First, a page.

1992 – It was announced that Uppingham, the Leicestershire public school, was to stop mourning Queen Victoria. The boys had worn black ties since 1901.

“They look like trainee undertakers,” said the headmaster, “It was never meant to be a tradition. Its just that nobody ever made the decision to change back.”

To change back to what, was the question. No-one knew what the original colours had been, and pre-1901 photographs were, of course, in black & white. It was decided to go with Silver and Prussian Blue.

Mr. Frankenstein

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Almanac – June 30th

1837 – An act of parliament put an end to the use of the pillory as punishment in the Uk.

1859 – French acrobat Charles Blondin crossed Niagara Falls on a tightrope.

1905Albert Einstein publishesd the article On the Electrodynamics of Moving Bodies, in which he introduces special relativity.

1908 – The Tunguska Event occured in  Siberia –  an enormously powerful explosion that occurred near the Podkamennaya Tunguska River in what is now Krasnoyarsk Krai, Russia, at about 7:14 a.m. KRAT (0:14 UT).

The explosion, having the hypocenter, (60.886°N, 101.894°E), is believed to have been caused by the air burst of a large meteoroid or comet fragment at an altitude of 5–10 kilometres (3–6 mi) above the Earth’s surface. Different studies have yielded varying estimates of the object’s size, with general agreement that it was a few tens of metres across. It is the largest impact event on or near Earth in recorded history.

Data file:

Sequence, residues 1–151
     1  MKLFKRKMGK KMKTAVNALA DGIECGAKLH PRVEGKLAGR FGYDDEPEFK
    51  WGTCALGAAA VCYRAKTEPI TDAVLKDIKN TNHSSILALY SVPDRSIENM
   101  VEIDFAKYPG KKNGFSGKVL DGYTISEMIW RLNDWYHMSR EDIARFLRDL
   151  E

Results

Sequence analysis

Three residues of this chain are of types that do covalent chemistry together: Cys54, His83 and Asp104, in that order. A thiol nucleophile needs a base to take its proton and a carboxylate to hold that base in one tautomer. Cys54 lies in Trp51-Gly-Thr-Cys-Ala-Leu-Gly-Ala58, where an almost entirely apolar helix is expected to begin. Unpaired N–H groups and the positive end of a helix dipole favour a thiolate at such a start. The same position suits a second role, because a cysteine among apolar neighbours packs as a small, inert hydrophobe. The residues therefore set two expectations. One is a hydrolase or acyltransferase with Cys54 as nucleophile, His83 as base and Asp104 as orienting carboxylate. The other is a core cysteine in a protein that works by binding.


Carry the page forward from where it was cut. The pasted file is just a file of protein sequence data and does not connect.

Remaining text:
The explosion knocked an estimated 80 million trees down over an area covering 2,150 square kilometres (830 sq mi). It is estimated that the shock wave from the blast would have measured 5.0 on the Richter scale.

Other possible causes suggested include a crashing UFO, a Black hole passing through the Earth, anti-matter, and a side-effect of an experiment by Nikola Tesla

 

1934The Night Of The Long Knives in Germany. Adolf Hitler ordered the summary execution of those in the Nazi party who oppsed him.

 

Mr. Frankenstein